The first factor that determines a currency’s price is the trust that users of the currency have in the issuing authority to keep its supply in check, with greater trust going with greater willingness to use and hold on to that currency. With paper currencies issued by governments, the authorities are usually the central banks in question: the Federal Reserve for the US dollar, the European Central Bank (ECB) for the Euro and so on. With gold or physical currencies, the constraint is usually a physical one, insofar as the supply of these physical currencies is limited by nature. Since anything that releases that physical constraint will render that physical asset useless as currency, it is ironic that alchemists have, for centuries, tried to make gold in laboratories, because their success would have undermined the use of gold as a currency.

So, what is the issuing authority for Bitcoin? There is none! While that may seem like a fatal weakness, the innovative aspect of Bitcoin is that while the power is spread across the network of users of the currency, the supply is set by a computer algorithm, which, in turn, cannot be changed by any user or even a group of users. If this sounds too complex, and it was for me, you may want to go back to the source, which is the paper that gave birth to the idea (by Satoshi Nakamoto). If the name sounds familiar, it is because it is back in the news again, with the controversial story in Newsweek last week, claiming to have unmasked the real Satoshi Nakamoto, with that person claiming in response that he was not the inventor of the Bitcoin. I must confess that the technicalities in the paper went over my head and I found this YouTube description of how it works to be a good one, though it is from the perspective of someone who is a Bitcoin believer.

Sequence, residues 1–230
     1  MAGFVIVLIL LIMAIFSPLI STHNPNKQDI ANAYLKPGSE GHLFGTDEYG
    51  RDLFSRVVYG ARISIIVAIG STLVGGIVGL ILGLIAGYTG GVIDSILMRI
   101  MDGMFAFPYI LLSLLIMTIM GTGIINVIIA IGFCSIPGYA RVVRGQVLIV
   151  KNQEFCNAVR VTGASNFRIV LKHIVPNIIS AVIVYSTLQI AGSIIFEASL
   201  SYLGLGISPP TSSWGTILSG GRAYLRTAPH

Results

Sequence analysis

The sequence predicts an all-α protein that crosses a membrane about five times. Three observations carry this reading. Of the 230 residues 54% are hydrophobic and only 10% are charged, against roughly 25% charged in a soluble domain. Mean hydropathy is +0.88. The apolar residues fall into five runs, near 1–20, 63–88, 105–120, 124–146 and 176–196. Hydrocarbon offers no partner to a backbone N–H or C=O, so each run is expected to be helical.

If you are still confused, let’s cut to the brass tacks. The supply of Bitcoins is constrained by the computer algorithm, which, as constructed, is (supposedly) very difficult to hack or change, because it requires collusion or agreement across the entire network. If the algorithm remains untouched, the increase in the number of bitcoins is therefore on autopilot (with about 25 created every ten minutes), as evidenced by looking at its history:

There were 12.4 million bitcoins in circulation in March 2014 and that number will rise, on the preset path, to reach a cap of 21 million bitcoins in 2140. The way in which people can acquire one of the new bitcoins is by mining for them, running powerful computers, as described in this article in the New York Times. As more and more people try to mine for these bitcoins, though, the difficulty of finding bitcoins has become greater over time.

The first key question with Bitcoin or any digital currency is whether people will trust a computer algorithm. While your first reaction may be “Hell, No!”, it may be worth asking yourself a different set of questions:

(a) Do you trust central bankers?
(b) If so, do you trust some central bankers more than others?
(c) Are these some computer algorithms that you would trust more than some central bankers?